As a writer, Bryce has published articles on acting, performing and education in American Theater Magazine, Yale Alumni Magazine and others.

In 2012 Bryce helped found Zara Aina, an NGO that uses the power of theatrical storytelling to empower at-risk youth. In May 2013, Bryce led a team of American artists on Zara Aina’s pilot program to Madagascar. Bryce is also a frequent collaborator with Outside the Wire, a social impact theater company that serves many communities but particularly focuses on military audiences. His most notable international tours include Guantanamo Bay, Japan, Kuwait, and Qatar.

A graduate of the Yale School of Drama, Bryce was awarded the Leonore Annenberg Foundation Early Career Fellowship in 2012. Bryce holds a BA from Boston College and an MA from the Yale School of Drama.

Lauren WorshamMore on Lauren:

Lauren Worsham is a Tony-nominated actress and singer. She was nominated for a Tony and won Drama Desk and Theatre World awards for the role of "Phoebe" in A Gentleman's Guide to Love and Murder (2014 Tony winner for Best Musical). Most recently, she was seen in New York City Center’s gala production of Sunday in the Park with George. Other favorite roles include "Lisa" in Dog Days at Montclair Peak Performances, Fort Worth Opera and LA Opera for director Robert Woodruff; "Flora" in Turn of the Screw at New York City Opera for Sam Buntrock; "Amy" in Where’s Charley? at Encores! for John Doyle; "Cunegonde" in New York City Opera's Candide, and "Olive" in the first national tour of The 25th Annual Putnam County Spelling Bee. Lauren performs frequently in concert at Carnegie Hall, 54 Below, Joe's Pub, Caramoor, Merkin Hall, Oregon Bach Festival, Galapagos Art Space and New York City Opera's VOX. Lauren placed second in the Kurt Weill Foundation's Lotte Lenya competition. She’s co-founder and executive director of the downtown opera company, The Coterie, and is a founding member of the band, Sky-Pony.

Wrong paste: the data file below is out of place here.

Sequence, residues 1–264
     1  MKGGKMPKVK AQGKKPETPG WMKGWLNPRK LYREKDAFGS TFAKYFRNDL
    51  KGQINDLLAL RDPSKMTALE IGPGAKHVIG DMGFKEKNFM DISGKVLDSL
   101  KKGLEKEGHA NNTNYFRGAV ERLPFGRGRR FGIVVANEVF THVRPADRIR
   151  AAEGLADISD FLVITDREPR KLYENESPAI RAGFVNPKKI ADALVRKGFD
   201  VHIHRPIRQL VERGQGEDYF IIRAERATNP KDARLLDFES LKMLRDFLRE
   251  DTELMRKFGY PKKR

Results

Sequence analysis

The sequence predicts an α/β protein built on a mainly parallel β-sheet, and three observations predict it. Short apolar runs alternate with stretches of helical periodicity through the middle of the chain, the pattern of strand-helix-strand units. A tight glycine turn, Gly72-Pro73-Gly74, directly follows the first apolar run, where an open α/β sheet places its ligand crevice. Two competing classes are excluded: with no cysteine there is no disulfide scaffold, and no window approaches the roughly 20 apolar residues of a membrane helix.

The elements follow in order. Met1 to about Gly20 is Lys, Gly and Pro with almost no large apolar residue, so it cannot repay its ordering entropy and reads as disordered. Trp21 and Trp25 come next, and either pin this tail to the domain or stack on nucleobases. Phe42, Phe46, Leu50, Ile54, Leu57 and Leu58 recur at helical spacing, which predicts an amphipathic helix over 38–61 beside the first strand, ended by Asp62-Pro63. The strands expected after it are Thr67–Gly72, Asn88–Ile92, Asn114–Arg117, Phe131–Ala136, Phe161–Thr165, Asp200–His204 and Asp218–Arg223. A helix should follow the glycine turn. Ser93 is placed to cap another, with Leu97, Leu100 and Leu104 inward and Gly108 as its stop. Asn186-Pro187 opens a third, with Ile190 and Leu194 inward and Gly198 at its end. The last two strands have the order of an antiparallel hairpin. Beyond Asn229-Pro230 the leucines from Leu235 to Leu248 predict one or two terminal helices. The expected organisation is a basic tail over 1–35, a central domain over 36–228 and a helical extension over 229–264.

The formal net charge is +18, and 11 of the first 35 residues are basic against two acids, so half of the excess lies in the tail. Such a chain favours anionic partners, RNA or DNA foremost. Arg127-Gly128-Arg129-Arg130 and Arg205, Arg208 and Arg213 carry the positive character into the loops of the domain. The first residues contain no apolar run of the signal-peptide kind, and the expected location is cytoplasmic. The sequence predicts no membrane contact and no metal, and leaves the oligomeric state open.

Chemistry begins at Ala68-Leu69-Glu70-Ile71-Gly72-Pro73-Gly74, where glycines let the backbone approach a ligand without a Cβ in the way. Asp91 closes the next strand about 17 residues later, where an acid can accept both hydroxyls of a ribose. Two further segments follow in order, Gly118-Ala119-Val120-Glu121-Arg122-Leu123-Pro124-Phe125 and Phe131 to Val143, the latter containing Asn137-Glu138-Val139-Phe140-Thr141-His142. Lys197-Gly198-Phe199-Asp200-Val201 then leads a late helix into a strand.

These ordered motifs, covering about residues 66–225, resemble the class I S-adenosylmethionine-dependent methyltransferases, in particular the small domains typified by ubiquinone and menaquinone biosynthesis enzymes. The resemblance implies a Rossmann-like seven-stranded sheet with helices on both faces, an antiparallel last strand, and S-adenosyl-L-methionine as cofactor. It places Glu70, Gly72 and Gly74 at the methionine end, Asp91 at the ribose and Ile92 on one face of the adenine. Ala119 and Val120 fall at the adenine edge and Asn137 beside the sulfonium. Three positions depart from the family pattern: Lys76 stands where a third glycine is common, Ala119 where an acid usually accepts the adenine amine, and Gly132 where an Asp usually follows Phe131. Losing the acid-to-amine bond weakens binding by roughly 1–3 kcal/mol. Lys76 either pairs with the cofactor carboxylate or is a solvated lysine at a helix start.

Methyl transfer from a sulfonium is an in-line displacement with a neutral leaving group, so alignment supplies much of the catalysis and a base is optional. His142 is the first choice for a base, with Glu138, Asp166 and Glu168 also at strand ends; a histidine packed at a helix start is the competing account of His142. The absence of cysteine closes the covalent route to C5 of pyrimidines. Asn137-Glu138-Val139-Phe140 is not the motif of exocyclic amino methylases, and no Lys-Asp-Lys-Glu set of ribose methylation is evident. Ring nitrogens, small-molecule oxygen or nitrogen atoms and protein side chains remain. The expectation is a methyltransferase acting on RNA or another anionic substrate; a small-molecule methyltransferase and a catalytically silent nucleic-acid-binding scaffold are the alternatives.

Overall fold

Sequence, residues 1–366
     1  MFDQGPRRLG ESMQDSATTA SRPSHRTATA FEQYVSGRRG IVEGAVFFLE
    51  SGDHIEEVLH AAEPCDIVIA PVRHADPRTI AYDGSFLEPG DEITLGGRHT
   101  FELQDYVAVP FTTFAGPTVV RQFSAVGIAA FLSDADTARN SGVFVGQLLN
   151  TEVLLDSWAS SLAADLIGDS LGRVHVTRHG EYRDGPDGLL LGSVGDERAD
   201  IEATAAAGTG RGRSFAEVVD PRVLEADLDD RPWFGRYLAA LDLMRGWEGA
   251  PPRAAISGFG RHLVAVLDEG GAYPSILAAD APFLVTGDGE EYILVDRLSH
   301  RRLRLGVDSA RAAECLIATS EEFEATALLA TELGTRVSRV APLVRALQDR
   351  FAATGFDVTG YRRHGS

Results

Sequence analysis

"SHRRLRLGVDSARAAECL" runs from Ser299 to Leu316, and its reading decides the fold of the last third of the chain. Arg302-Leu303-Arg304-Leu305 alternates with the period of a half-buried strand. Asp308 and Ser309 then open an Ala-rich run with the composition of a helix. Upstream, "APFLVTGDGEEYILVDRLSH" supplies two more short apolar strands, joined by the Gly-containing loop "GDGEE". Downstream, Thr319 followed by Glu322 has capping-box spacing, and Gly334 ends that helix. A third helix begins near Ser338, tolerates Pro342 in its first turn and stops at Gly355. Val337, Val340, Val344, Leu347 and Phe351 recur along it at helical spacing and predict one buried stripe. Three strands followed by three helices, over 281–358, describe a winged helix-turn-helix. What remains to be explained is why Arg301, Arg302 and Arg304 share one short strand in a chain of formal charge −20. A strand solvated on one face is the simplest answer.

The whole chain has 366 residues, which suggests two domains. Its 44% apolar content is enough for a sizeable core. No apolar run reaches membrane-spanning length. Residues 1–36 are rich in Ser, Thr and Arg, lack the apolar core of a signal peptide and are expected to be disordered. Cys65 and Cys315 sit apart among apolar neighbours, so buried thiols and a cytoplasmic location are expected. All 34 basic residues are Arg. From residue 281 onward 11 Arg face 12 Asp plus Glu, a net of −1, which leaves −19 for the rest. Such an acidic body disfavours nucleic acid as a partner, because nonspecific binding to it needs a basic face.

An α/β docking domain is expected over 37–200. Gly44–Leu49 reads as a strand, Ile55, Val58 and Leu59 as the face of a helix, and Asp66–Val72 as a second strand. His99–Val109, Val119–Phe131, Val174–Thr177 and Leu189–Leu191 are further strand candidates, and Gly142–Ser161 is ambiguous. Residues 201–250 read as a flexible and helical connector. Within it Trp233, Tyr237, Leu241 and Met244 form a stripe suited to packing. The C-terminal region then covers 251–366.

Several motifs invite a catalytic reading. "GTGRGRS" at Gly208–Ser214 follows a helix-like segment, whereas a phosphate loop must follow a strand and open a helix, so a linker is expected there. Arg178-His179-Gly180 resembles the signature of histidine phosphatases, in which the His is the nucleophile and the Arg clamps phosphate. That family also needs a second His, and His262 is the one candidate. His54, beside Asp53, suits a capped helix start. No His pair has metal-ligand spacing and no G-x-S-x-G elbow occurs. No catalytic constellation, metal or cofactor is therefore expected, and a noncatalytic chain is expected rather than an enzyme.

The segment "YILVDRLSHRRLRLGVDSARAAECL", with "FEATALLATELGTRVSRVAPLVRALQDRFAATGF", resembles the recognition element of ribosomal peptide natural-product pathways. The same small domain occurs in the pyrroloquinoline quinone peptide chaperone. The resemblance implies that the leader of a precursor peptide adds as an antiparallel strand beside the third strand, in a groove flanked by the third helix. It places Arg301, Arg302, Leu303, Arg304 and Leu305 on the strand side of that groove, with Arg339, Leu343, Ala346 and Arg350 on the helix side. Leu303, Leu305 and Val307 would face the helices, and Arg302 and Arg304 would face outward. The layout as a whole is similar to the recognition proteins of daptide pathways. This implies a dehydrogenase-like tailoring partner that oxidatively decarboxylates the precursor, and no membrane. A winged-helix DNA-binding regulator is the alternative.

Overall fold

Monday
May152017

Call Redialed: Marshall Pailet: Baghaddy at St. Luke's Theatre

Marshall PailetIt's so great to catch up with playwright Marshall Pailet, who I first got to interview in 2015. This time around we get talk about the remounting of his show, Baghdaddy, co-written with A.D. Penedo, a new musical based upon the true story of the Iraqi defector whose false intelligence was passed all the way through the CIA to become the justification for the Iraq War, which continues today.